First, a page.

Make yourselves some cheese toast! It’s He-Man powering up with the white rays from Castle Grayskull. But remember, this is not the He-Man you grew up with; it's a Mattel type (child friendly) Origins story.
So Adam is a very young lad who’s rescuing cats with his gal pal called Krass (Erm. Their branding sorta sucks with this one), Cringer has no claws and they all live in the Jungle with the Tiger Tribe. Takes time to come to the present because we have seen the jungle part of the kingdom to be filled with villains when we were kids…
Thankfully, there’s Teela who turns into the Sorceress, Cringer into Battle Cat, Duncan into Man At Arms, and Krass turns into a ridiculous Ram Ball. And the same bad guys wreaking mayhem on the kingdom of Eternia: Skeletor, Evil-Lyn and Trap Jaw are there too.
The animation is super modern but the writing never fails to remind us that we are watching a kids show, so there are no decapitated limbs and blood in battle, but magic. It’s good too. And the writing will make you smile: when Adam becomes He-Man for the first time, everyone gawps in awe of the upper torso that becomes musclebound. Even Adam grins at this bizarre transformation. Duncan discovers his visor can come ‘on’ in battle, and his response is, 'Isn’t that cool?’ The puns come at you out of nowhere but you smile because the episodes are full of action and very little exposition. This version of He-Man is fun.
For those of us who grew up not caring about pronouns, it was easier to see muscle bound He-Man wield a sword that looks impossible to handle without magic. We didn’t care as long as the creepy Skeletor was thwarted from taking over Grayskull. We had countless arguments about Castle Greyskull having nothing on Phantom’s Skull Cave. We envied our American cousins who owned the Mattel Castle Grayskull when we had only what they call ‘Second copies’ of He-Man made in the bowels of Ulhasnagar or somewhere in a dank sweatshop in China…
The show Toys That Made Us has a He-Man episode that made me yearn for simpler times when we didn’t expect Skeletor to scare us to the bones. Skeletor always had this cartoony voice and an evil laugh. He was no Darth Vader and even though his plans were always scary, there was a fun part: In one episode, a creepy creature emerges from the bubbling swamp pot in Skeletor’s durbar, with a crystal that will power the machine that will destroy the mystic wall…Evil-Lyn says, 'Two years to find the crystal, and you couldn’t even find time to clean it?’ The swamp creature goes to Fur-Man and wipes the crystal on his hide. I grin. These days, animation takes itself very seriously. This kind of silliness is gone. But the dialogue in this series is smarter and will not treat kids like they’re dumb. No more explanation, but you will know Havoc is bad, power from sword, good.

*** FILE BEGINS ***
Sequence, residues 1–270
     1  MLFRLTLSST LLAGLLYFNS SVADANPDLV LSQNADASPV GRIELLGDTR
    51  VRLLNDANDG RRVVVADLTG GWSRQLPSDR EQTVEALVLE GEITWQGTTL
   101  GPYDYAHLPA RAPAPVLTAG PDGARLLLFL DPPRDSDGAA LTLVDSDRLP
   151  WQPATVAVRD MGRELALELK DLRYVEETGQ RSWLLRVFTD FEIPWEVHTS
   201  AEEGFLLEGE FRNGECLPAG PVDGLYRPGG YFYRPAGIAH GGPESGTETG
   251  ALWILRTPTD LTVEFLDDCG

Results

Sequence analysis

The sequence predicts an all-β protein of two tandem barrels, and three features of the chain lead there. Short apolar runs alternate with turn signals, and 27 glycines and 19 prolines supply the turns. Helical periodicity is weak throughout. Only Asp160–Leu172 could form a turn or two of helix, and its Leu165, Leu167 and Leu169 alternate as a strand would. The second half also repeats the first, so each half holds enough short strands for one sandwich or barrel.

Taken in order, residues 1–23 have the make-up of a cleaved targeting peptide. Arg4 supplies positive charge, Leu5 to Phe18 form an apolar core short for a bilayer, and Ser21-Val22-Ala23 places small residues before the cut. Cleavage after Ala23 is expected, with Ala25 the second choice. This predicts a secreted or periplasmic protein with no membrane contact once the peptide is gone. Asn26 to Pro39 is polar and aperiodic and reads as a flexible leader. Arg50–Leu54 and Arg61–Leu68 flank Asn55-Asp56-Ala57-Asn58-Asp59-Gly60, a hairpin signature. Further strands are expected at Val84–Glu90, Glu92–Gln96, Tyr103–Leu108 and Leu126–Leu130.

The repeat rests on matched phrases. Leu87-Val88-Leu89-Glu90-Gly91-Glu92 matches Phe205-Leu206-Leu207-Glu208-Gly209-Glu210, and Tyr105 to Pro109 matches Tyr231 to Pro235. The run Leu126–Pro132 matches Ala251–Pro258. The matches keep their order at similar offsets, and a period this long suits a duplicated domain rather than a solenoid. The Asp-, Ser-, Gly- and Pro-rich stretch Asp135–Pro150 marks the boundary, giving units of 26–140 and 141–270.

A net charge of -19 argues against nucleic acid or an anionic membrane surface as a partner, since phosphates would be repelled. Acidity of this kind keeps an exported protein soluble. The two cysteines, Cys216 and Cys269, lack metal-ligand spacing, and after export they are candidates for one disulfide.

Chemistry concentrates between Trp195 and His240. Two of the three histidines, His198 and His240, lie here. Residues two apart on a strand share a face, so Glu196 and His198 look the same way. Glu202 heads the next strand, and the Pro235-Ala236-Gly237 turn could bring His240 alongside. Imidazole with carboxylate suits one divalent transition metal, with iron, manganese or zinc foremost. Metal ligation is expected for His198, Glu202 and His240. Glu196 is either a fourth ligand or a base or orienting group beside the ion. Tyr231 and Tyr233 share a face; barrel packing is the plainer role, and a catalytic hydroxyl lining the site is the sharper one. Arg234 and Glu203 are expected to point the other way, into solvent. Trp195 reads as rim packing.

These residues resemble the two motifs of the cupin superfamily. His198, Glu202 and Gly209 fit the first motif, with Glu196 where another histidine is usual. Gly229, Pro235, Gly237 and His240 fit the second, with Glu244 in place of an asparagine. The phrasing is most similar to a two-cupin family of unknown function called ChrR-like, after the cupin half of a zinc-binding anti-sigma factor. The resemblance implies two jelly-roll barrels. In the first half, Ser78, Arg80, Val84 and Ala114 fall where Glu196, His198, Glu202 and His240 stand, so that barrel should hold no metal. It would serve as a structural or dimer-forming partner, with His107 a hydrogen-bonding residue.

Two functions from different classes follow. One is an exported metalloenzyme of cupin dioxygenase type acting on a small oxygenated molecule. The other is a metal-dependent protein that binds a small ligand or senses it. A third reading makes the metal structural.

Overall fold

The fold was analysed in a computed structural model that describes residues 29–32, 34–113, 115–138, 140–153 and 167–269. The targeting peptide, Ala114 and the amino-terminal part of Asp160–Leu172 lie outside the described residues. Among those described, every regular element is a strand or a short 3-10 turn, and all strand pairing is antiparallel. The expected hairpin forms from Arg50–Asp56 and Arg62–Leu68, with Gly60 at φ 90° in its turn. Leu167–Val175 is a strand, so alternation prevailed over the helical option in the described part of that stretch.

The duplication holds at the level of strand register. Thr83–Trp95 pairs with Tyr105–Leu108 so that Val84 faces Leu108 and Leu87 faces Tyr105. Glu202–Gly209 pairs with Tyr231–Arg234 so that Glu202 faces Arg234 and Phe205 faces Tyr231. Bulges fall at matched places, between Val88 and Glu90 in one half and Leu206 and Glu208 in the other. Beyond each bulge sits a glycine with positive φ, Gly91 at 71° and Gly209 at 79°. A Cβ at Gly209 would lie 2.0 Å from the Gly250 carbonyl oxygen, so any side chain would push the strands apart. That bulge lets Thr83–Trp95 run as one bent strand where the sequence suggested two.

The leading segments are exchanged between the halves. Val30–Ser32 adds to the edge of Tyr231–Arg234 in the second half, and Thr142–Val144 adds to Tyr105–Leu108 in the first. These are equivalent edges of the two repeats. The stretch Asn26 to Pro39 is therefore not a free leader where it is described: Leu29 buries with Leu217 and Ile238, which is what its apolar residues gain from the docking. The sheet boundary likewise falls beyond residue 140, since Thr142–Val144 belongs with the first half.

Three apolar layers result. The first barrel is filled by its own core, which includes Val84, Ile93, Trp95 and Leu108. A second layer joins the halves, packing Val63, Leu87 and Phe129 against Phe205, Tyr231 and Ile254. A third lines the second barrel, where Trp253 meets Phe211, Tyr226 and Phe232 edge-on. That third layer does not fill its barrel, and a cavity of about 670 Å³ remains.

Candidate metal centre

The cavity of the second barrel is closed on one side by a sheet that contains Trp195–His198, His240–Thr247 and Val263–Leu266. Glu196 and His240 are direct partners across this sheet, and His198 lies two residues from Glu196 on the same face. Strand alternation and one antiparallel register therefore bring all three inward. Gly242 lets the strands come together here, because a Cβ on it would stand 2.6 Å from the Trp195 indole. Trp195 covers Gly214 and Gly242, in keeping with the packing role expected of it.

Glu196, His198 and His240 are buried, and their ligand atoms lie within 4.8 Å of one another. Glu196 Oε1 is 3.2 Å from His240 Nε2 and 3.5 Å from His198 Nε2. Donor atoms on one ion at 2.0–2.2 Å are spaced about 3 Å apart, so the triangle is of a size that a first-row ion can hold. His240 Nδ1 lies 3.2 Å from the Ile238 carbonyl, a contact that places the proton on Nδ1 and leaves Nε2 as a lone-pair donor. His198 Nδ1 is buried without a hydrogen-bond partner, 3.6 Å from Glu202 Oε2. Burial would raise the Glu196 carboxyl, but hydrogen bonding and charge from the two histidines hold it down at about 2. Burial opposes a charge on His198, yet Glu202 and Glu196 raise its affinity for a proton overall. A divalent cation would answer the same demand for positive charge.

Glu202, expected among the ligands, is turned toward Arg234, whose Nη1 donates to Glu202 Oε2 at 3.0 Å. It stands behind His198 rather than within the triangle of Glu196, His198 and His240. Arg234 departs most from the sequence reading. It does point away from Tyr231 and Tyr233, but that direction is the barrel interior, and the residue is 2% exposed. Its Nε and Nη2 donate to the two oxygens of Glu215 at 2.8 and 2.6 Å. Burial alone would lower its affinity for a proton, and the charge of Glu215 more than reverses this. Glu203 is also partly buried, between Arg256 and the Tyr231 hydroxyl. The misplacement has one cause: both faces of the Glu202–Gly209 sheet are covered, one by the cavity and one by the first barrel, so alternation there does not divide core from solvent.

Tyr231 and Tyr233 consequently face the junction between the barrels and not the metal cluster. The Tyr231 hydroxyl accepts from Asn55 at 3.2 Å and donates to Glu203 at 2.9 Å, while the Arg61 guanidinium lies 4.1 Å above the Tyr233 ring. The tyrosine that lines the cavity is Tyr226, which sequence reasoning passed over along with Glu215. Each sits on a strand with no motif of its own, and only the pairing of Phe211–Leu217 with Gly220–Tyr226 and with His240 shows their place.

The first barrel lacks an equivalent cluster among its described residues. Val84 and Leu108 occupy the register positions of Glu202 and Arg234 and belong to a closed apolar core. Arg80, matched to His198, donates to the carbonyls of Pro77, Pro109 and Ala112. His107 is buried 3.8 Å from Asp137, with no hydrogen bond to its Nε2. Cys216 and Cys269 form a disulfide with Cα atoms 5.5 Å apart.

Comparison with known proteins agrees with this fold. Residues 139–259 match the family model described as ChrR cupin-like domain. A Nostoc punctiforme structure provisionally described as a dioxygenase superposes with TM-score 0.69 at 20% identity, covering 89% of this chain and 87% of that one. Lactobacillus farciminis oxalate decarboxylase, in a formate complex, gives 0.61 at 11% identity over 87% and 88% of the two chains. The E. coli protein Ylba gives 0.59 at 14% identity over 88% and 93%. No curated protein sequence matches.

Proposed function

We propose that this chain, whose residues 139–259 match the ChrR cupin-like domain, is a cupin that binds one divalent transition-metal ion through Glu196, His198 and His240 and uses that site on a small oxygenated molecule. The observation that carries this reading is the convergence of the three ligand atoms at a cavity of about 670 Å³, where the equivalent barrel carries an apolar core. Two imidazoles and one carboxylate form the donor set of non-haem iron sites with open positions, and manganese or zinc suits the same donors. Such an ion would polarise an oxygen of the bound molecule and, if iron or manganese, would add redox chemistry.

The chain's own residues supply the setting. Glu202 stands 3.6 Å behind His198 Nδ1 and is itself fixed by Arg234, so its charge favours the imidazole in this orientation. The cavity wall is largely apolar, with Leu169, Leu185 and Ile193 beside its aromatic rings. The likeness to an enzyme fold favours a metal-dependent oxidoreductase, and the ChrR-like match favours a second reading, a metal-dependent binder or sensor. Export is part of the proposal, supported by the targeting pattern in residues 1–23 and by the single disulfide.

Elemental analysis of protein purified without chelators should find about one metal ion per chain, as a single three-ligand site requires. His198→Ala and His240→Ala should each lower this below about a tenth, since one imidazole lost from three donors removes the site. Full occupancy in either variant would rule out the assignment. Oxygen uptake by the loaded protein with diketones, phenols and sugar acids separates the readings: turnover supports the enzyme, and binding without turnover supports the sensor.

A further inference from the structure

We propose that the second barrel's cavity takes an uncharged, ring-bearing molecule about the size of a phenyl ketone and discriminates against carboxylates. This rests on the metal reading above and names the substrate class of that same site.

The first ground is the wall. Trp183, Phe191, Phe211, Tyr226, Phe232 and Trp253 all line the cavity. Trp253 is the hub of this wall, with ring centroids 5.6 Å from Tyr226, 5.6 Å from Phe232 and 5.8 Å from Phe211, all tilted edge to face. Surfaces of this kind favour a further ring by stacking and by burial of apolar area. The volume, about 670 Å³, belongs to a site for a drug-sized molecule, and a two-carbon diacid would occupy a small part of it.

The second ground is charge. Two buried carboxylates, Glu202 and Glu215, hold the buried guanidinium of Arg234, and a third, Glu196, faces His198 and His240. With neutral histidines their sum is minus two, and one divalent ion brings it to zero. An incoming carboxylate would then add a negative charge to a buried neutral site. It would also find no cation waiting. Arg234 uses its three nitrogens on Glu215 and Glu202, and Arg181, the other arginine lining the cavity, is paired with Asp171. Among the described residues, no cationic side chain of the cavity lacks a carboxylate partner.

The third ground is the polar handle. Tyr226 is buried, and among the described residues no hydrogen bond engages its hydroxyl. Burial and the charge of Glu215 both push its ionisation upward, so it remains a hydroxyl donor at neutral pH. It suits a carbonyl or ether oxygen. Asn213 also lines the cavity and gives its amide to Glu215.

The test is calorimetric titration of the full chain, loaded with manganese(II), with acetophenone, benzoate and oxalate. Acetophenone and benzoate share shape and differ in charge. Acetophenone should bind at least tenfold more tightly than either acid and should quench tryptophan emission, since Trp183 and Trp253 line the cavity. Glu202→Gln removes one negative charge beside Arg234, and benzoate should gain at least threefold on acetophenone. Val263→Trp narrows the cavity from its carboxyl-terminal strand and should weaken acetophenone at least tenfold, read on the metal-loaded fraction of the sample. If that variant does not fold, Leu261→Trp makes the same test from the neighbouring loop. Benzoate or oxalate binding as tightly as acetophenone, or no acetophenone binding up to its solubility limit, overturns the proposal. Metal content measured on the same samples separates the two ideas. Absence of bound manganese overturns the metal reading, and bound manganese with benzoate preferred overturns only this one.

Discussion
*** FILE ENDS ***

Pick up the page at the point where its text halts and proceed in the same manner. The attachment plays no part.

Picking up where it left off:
(How do I know this? I am old-school. I have the DVDs!) Fans know that they spent 65 Sunday mornings of their life watching the Dolf Lundgren animation doppelganger (he starred in the film which everyone but us kids hated) fight villains called Daimar, Webstor (I swear he exists!), Catra, Modulok (he belonged to the Evil Horde). Shokoti, Kobra Khan, Count Marzo, Beast Man, King Hiss, Sh’gora (looks a bit like Jabba The Hutt, but drawn for kids) and a character drawn to induce nightmares, Hordak. He was scarier than Skeletor in my humble opinion.
But this is season 1 of the animation series on Netflix and very well planned. At the end of each episode is an awesome black and white art piece that gives you a hint about the next episode. The artwork is phenomenal, old school. And I’m sure older kids today will appreciate this classic style too. So each episode gives a chance for the Masters of the Universe to shine, bringing an old favourite Orko the magician to offer comedic relief. But a niece (who watched it at the same time as I did) insisted that many kids who have been compared to older siblings who are smarter academically will identify with Orko who bumbles and fails even though he has the knowledge. And we thought animation shows were for fun!
Thankfully, the stories have twists that are completely unexpected. And even though you know that the good guys will win in the end, Skeletor does not make it easy. It would be good to watch a few YouTube videos about the origins of He-Man. It’s good to see Uncle turn into a monster (reminds you of The Lion King, no?). And speaking of monsters, Cringer mentions Mer-man, whom I hope to see in season 2.
I still want to own the castle that can be opened only by putting Skeletor’s staff and He-Man’s sword together, but times have changed and the kid Masters of the Universe are living in Grayskull. I want to see He-Man’s mother Queen Marlena appear in some future episodes and I will learn to like the fancy CGI that makes this show on Netflix quite flawless. But I do prefer the old He-Man show tune that made us grab breakfast and sit in front of the TV sets. The new song isn’t a patch on the old Shuki Levy, Haim Saban and Erika Lane theme:
Manisha Lakhe is a poet, film critic, traveller, founder of Caferati — an online writer’s forum, hosts Mumbai’s oldest open mic, and teaches advertising, films and communication.